DCCA News: Glorious convergence


Missoula Children’s Theatre’s stated mission is to develop lifeskills in children through participation in the performing arts. Darke County Center for the Arts’ chosen theme for the 2017-2018 season is “Arts Count.” Christina Heagney and Ben Hermann, the acting/directing team in charge of DCCA’s presentation of a week-long MCT residency at Henry St. Clair Memorial Hall in Greenville, not only embrace the value of those precepts, but also see them demonstrated on a daily basis.

Both Ben and Christina developed a love of theatre early on in their young lives, Ben as a junior in high school and Christina while still in elementary school. Bozeman, Montana native Christina finds it exciting to observe youngsters enthralled by theatre who understand the importance of the arts as they learn and grow during their participation in an MCT production. Ben, who hails from Texas and briefly considered a career in law, admits that his worst day in his current job is better than anything else he’s ever done, and knows that he belongs in the theatre world.

On Monday of this week, the dynamic young duo held auditions for MCT’s Aladdin (which is NOT the Disney version, as they pointed out to the assembled hopeful cast members.) On Saturday of this week, a fully-realized production of Aladdin starring 60 local 1st through 12th-grade students will be presented for two performances on stage at magnificent St. Clair Memorial Hall!

Christina and Ben will lead rehearsals, teach songs and choreography, construct a set, fit costumes, and meet many more demands to assure that this amazing feat can be accomplished in one short week.

Ben said that everything is almost exactly as they learned it would be during two weeks of intensive training at the MCT headquarters in Missoula, Montana.

“However, nothing can prepare you for the reality. The most amazing part is that, since nobody has told these kids that they can’t, their capacity to comprehend everything it takes to do a show in a week’s time is unbounded,” he said.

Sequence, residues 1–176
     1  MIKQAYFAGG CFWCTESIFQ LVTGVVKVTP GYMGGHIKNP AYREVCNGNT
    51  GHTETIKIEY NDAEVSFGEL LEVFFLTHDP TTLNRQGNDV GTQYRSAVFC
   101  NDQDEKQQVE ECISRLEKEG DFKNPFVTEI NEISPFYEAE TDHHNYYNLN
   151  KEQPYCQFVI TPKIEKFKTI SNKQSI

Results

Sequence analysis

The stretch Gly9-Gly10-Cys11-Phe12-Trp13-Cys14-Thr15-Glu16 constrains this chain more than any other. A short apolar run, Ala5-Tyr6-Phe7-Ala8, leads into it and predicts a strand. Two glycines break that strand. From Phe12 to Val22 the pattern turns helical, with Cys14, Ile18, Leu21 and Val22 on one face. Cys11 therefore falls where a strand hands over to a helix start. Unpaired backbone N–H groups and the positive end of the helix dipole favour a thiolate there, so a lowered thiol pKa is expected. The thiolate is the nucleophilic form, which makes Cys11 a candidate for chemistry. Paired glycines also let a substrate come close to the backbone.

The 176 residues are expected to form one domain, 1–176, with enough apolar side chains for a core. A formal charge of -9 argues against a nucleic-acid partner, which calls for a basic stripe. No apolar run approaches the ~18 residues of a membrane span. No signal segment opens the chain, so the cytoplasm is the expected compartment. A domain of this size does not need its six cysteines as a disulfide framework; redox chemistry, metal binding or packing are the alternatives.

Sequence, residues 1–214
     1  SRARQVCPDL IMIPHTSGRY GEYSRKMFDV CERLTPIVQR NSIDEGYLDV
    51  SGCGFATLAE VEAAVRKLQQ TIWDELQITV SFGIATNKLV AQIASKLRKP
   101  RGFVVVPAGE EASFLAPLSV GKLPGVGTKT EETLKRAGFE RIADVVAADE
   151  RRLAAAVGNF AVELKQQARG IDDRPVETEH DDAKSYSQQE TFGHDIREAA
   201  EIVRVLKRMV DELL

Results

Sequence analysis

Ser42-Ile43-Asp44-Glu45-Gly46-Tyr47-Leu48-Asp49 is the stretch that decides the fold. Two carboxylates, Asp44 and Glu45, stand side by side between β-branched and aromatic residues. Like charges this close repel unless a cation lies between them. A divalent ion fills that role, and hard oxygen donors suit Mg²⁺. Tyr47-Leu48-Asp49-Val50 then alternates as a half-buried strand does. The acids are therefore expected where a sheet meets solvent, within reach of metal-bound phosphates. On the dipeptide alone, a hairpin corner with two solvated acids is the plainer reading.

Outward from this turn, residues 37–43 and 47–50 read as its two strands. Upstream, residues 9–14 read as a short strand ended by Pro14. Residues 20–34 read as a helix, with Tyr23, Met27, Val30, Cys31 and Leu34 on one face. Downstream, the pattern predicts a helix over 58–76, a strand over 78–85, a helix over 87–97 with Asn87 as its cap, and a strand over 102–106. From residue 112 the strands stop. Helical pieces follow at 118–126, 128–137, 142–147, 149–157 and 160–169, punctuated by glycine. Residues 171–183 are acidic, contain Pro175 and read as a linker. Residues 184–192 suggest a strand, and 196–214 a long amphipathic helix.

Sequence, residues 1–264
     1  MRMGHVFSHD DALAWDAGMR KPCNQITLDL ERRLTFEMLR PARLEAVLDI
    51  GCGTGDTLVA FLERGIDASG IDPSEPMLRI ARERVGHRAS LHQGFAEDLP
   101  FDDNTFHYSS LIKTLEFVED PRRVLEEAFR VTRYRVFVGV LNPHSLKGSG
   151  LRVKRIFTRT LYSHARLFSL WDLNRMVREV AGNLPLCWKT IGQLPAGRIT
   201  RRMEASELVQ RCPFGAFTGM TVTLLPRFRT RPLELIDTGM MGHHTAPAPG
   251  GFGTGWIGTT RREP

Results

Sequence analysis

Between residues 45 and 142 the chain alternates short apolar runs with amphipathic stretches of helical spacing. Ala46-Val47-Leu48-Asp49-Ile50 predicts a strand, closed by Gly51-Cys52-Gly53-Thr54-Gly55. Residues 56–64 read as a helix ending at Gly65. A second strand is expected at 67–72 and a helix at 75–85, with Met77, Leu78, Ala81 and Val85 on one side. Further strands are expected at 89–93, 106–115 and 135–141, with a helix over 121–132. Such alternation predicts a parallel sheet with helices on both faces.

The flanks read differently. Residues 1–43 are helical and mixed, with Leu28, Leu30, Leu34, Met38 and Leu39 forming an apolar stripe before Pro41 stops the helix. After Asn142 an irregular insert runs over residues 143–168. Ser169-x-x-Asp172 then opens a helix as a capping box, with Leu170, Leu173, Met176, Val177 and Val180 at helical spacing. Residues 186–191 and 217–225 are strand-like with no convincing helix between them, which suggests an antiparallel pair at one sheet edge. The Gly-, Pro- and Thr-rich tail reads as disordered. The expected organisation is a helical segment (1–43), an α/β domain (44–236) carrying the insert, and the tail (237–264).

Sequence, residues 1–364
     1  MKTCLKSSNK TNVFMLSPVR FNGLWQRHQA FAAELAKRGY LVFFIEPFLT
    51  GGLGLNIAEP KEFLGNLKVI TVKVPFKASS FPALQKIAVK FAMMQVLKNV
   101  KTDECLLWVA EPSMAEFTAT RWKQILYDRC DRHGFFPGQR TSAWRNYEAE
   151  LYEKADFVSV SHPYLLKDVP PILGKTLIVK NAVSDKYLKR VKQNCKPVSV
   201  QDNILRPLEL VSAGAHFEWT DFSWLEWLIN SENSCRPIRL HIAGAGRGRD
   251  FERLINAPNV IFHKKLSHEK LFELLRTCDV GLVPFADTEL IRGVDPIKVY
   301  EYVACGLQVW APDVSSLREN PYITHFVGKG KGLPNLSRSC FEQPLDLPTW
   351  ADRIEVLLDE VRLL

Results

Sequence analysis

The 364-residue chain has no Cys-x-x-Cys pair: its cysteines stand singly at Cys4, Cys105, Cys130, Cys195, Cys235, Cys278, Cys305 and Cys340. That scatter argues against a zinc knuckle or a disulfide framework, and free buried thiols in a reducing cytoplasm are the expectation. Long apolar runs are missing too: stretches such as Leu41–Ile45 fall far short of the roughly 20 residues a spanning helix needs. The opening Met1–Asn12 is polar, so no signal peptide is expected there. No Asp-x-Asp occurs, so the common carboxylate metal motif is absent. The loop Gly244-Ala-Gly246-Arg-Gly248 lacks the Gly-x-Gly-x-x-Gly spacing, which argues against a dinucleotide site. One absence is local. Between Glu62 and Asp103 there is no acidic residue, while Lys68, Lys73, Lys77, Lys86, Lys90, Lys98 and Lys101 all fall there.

Christina said that watching the significant change in youngsters which takes place during the week warms her heart.

“Seeing them shine on stage, realizing that it’s their turn, and then triumphantly revel in the thrill of what they have accomplished is very, very special,” she commented.

One of the few down sides to their current job occurs when they have more youngsters auditioning than roles to be assigned. On Monday, Christina and Ben went to great lengths to make clear that those who were not cast were not rejected because they had no talent or were not liked, but simply because they did not fit into an available role.

“I feel like crying for them, because I know how discouraging it can be, as I’ve often experienced it myself,” she confessed. “But I know that such rejections can also be a learning experience providing valuable life lessons and personal growth.”

If past experience with DCCA’s MCT theatre residence is any guide, Aladdin will be cleverly scripted, include delightful music and charming choreography, and offer each participant a moment to shine. The week of rehearsals will create meaningful bonds between youngsters and instill a strong work ethic and enhance interpersonal skills. According to Ben, the show’s over-arching message is that although the characters come from many places and varying walks of life, their differences make them strong as members of one cohesive community. Hmm, that concept pretty much sums up the wonder of the world of theatre—everyone works together, bringing their individual strengths and weaknesses to the project, with the contribution of each participant, regardless of the size of their role, being essential to reach a common goal.

You can partake of this joyous wonder. Aladdin will be presented tomorrow, August 5, at 3 p.m. and 7 p.m.; tickets are only $5, and will be available at the door. You’ll have a good time, but even more importantly, you will be demonstrating that the arts count by supporting youngsters who are developing life skills through the arts—a glorious convergence for all concerned.


By Marilyn Delk


Marilyn Delk is a director of the Darke County Center for the Arts and can be reached at [email protected]. Viewpoints expressed in the article are the work of the author. The Daily Advocate does not endorse these viewpoints or the independent activities of the author.

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